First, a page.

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MUSIC REVIEW

Essential Johnny Cash

Good Ole Cowboy Music

By Allison Lewis

STAFF WRITER

The Essential Johnny Cash is like the “Do, Re, Mi” of American music. It all began in Memphis, Tennessee, my hometown. At the tiny Sun Studios, Johnny Cash, Elvis, Jerry Lee Lewis, and Carl Perkins introduced the world to rock and roll. When this music first hit the airwaves it was like nothing else in the music world. With his rockabilly style, Cash brought country into mainstream and helped create rock and roll.

A dual compact disc set, The Essential Johnny Cash is a collection of 36 of Cash’s hits, beginning with his early Sun Studio recordings -- the folky, rockabilly songs of the 1950s -- and moving through the years to Cash’s 1993 work with U2.

You’ve heard these traveling songs before. My father plays them in the car on road trips. Combining humor, honesty, love, and a bit of preachiness, Cash’s songs are like stories, with character and plot, sometimes sung, sometimes spoken. Cash’s deep, rich voice, backed by Luther Perkin’s gorgeously simple “walking” guitar, is like John Wayne on horseback: you can’t help but admire the style.

“Hey Porter,” Johnny’s first hit, was recorded at Sun Records in 1955. Johnny’s simple, repetitive lyrics about a train ride into Tennessee, follow the chugging guitar music like he’s actually on a train. “Don’t Take Your Guns to Town” is about a “young cowboy named Billy Joe.” Billy Joe thinks he’s man enough to wear his guns to town. He goes drinking, gets in a gunfight, and gets shot. Again, Cash’s simple, stark lyrics deliver his theme with style, feeling, and a bit of humor.

I could sing “Ring of Fire” all day. “I fell down to a burning ring of fire/I went down, down, down, and the flames went higher/And it burns, burns, burns/The ring of fire/The ring of fire.” Need I say more? “Were You There (When They Crucified My Lord)” is a bit churchy for me. Still, don’t skip this song -- it’s genuine Southern folk music, and it’s probably like nothing you’ve heard before.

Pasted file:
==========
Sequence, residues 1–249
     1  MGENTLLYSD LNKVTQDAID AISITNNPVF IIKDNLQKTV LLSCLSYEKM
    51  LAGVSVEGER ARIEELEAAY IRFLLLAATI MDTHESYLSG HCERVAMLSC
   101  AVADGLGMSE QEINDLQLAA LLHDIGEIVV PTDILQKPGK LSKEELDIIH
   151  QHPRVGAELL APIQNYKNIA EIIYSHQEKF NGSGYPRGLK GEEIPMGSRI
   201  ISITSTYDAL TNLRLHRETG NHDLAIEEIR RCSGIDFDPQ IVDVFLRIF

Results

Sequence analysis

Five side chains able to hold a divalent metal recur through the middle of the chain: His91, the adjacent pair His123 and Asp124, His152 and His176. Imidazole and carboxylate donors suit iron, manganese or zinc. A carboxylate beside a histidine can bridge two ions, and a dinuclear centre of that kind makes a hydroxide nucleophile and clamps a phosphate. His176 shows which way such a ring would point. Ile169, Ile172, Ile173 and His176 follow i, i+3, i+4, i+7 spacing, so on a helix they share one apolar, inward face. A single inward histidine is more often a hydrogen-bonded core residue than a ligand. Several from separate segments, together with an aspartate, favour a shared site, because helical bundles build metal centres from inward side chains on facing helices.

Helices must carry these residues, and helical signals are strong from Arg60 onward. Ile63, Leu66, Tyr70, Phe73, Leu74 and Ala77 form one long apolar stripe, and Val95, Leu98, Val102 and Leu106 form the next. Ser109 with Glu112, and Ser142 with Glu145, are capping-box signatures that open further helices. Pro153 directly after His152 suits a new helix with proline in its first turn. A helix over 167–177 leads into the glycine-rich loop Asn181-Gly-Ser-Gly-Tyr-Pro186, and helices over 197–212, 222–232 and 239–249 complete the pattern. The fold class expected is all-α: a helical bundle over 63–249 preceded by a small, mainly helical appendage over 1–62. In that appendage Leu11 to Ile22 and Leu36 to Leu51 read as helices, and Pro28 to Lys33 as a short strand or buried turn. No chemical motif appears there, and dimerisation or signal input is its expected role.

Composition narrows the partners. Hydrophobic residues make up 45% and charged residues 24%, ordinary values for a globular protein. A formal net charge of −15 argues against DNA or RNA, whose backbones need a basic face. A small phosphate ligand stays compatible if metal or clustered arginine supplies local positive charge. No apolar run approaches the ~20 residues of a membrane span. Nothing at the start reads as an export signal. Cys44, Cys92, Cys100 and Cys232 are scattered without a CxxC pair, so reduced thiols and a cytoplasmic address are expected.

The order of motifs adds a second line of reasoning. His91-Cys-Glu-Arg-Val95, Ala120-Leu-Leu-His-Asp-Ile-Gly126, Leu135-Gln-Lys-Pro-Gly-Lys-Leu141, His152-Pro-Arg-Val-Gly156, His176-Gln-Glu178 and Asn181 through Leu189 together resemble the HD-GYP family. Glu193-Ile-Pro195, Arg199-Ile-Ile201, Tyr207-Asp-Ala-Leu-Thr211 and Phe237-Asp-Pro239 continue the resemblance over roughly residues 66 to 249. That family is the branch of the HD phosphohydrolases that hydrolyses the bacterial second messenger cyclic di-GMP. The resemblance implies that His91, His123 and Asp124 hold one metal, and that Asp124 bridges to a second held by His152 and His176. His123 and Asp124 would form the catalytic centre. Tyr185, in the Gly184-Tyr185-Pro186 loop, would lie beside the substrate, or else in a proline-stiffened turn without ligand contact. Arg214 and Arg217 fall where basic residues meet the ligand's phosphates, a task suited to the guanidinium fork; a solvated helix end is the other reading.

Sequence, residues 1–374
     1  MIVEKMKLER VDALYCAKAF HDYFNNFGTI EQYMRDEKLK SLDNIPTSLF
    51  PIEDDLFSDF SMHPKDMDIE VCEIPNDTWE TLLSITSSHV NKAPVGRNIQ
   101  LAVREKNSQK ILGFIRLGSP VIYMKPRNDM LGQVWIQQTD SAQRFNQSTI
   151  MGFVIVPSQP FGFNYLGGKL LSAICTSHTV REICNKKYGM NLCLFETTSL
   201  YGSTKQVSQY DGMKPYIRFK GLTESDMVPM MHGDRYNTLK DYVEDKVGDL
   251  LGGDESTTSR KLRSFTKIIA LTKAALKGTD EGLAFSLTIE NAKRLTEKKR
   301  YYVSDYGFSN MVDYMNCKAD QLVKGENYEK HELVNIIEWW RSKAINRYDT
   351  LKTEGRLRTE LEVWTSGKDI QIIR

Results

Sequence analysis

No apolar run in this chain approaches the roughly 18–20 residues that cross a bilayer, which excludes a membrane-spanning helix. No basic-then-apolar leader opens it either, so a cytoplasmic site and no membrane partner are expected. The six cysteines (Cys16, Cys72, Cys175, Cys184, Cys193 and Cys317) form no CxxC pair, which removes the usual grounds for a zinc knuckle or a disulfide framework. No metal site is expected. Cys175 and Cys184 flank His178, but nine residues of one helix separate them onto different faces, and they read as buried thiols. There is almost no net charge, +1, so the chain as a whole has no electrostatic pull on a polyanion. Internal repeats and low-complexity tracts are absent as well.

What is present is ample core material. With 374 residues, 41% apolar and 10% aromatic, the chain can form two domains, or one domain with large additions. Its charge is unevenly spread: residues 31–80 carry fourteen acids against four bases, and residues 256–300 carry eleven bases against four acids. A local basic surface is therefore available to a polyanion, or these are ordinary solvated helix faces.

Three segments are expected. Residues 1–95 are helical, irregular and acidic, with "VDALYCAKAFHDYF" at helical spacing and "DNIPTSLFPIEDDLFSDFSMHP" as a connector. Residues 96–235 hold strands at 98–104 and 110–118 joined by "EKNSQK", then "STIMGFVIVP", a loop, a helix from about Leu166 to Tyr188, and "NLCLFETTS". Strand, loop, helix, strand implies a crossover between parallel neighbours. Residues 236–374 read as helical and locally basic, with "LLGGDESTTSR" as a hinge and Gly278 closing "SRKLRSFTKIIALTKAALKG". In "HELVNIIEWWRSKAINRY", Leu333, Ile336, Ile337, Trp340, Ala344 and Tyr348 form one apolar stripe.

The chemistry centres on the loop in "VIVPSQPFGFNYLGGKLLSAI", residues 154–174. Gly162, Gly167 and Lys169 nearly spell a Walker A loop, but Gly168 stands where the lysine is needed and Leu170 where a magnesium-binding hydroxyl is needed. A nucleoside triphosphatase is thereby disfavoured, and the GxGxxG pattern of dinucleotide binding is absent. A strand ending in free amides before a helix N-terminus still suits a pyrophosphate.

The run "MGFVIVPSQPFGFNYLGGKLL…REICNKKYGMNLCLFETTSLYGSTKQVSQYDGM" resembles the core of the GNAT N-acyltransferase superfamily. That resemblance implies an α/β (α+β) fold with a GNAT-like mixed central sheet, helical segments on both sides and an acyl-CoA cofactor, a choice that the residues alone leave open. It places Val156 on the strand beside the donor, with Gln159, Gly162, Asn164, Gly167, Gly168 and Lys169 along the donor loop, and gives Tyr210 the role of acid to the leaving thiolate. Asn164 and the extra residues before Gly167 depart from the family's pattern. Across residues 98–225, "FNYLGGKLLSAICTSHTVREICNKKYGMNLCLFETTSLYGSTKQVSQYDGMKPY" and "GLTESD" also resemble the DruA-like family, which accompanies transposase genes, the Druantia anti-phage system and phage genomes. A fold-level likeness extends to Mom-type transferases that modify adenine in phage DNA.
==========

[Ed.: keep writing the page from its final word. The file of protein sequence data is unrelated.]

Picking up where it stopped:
Bob Dylan wrote the beautiful “Girl From the North Country.” Cash and Dylan combine their rough-hewn voices in a simple, charming melody that stays with you. “If I Were a Carpenter” is a fast and catchy love song that Johnny sings with his wife, June Carter Cash. I grabbed my boyfriend and made him dance with me to it.

“A Boy Named Sue” is, hands-down, Cash’s best. His spoken-word lyrics tell the story of a man who attempts to kill the father who named him Sue. Johnny yells like he’s in a bar fight. “My name is Sue! How do you do? Now you gonna die!” I won’t tell you how it ends; you’ll have to listen to the song to find out.

I recommend blasting this album in your room so your next-door neighbors will wonder what the hell you’re listening to. Play it for a friend -- Cash’s songs are great conversation starters -- or try to sing “A Boy Named Sue” or “Ring of Fire,” in Johnny Cash style. No one will know.

I don’t recommend trying to do homework to this irresistible album -- you’ll end up listening to the music instead. Cash sings like a cowboy, and tells his story with simple, memorable lyrics. The Essential Johnny Cash has 36 catchy, funny, and entertaining songs I love. You can’t help singing to this album, and you won’t want to stop listening.